Abstract

Background

Minor hallucinations and well‐structured hallucinations are considered in the severity continuum of the psychotic spectrum associated with Parkinson’s disease. Although their chronological relationship is largely unknown, the spatial patterns of brain atrophy in these 2 forms of hallucinations partially overlap, suggesting they share similar pathophysiological processes. Functional connectivity studies show that disruption of functional networks involved in perception and attention could be relevant in the emergence of well‐structured hallucinations. However, functional neuroimaging studies in patients with isolated minor hallucinations are lacking. The objectives of this study were to explore the structural and functional changes underlying minor hallucinations.

Methods

We compared patients with (n = 18) and without (n = 14) minor hallucinations using a multimodal structural (gray‐matter volume voxel‐based morphometry) and functional (seed‐to‐whole‐brain resting‐state functional MRI) neuroimaging study.

Results

Coincident with previously described structural changes in well‐structured hallucinations in Parkinson’s disease, patients with minor hallucinations exhibited gray‐matter atrophy with significant voxel‐wise differences in visuoperceptual processing areas and core regions of the default mode network. Functional connectivity changes consisted of altered connectivity within the default mode network, reduced negative correlation with task‐positive network, and aberrant connectivity between posterior regions of the default mode network and visual‐processing areas. These changes are in accordance with the attentional networks hypothesis proposed for well‐structured hallucinations.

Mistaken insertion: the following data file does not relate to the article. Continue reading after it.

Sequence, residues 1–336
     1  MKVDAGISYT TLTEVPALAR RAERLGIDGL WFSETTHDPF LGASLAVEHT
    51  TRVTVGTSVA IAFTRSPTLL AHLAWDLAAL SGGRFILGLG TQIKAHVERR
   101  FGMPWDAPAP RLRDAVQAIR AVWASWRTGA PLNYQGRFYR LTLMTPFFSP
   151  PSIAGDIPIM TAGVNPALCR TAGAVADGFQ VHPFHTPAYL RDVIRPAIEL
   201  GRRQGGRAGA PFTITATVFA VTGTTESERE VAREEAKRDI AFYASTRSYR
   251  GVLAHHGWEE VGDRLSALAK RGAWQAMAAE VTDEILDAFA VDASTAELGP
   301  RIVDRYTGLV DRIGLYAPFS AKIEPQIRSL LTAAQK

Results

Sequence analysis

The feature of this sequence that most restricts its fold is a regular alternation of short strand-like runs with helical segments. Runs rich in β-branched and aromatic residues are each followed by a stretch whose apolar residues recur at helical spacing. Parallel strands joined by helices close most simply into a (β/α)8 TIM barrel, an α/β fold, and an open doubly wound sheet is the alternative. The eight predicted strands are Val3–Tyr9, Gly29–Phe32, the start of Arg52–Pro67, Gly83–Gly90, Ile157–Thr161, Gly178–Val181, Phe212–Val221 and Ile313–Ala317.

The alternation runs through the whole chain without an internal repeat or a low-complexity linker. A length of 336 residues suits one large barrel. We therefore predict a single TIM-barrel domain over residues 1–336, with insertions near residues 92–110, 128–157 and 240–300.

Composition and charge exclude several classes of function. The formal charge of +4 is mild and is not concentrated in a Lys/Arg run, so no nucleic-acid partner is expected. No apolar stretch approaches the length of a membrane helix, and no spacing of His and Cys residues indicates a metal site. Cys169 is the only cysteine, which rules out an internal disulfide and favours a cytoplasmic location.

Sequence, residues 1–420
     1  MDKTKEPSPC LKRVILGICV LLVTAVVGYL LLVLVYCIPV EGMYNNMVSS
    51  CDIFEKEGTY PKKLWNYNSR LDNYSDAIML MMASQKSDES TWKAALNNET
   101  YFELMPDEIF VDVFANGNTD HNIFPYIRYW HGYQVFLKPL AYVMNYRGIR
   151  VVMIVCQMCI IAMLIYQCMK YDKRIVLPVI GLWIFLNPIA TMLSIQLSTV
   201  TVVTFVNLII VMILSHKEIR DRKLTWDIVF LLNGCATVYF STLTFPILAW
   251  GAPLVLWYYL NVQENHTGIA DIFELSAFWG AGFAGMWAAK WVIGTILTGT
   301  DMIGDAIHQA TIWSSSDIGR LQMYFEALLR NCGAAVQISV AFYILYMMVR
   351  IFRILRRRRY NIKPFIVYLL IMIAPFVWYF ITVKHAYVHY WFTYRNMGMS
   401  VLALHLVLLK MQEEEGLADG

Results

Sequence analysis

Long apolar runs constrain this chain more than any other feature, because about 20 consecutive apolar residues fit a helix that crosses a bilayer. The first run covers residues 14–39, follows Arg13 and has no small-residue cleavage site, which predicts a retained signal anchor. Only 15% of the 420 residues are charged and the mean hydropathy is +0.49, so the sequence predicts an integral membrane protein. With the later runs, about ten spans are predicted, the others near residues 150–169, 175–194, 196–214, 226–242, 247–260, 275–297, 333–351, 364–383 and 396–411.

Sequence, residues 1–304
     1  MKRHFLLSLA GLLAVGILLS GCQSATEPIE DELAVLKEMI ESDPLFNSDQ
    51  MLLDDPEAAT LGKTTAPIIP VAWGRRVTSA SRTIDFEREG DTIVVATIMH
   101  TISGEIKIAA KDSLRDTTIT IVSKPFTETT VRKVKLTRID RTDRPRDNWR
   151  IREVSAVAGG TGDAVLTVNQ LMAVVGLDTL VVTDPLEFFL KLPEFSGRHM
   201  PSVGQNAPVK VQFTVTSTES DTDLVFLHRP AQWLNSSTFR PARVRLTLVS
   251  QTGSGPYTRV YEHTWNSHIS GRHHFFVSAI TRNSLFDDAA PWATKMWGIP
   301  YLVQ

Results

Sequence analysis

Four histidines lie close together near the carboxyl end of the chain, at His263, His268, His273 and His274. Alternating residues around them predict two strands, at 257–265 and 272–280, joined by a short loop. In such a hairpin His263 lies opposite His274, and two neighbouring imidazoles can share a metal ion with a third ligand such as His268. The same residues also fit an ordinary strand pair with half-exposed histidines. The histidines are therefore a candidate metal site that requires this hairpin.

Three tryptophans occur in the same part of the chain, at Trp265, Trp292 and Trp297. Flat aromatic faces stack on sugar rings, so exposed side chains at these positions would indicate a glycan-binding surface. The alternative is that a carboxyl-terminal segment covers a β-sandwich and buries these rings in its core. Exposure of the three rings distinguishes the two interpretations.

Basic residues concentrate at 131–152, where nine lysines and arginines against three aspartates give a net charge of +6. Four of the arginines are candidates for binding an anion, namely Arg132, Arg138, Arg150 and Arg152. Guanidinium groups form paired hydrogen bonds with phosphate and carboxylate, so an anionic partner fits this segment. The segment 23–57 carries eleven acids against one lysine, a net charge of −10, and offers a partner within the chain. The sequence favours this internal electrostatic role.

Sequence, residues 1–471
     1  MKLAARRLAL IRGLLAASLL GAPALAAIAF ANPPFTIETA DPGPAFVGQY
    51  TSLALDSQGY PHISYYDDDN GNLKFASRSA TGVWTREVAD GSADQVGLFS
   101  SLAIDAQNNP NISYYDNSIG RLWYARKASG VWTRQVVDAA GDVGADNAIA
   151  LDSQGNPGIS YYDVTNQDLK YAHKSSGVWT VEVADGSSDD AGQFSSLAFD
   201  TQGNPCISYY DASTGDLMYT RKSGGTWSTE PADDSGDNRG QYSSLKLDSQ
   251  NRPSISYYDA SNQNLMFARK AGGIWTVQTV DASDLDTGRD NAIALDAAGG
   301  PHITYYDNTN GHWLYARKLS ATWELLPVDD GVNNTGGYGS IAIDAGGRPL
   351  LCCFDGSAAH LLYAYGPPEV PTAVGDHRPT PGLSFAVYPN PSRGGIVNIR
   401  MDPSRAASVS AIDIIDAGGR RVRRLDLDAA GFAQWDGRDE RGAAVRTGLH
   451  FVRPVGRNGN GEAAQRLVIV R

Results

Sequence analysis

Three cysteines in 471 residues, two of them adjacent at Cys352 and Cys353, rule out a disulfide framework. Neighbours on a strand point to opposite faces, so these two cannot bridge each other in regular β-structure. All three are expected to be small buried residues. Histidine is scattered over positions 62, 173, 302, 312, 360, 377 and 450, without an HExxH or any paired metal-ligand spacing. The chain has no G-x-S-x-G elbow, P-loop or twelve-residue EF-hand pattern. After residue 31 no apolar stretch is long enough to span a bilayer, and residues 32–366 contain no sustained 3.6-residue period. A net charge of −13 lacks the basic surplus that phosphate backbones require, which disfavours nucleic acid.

Conclusions

Although longitudinal studies are needed to assess the potential role of minor hallucinations as an early clinical biomarker of progression to well‐structured hallucinations, the present findings show that the 2 phenomena share similar structural and functional brain correlates. © 2018 International Parkinson and Movement Disorder Society

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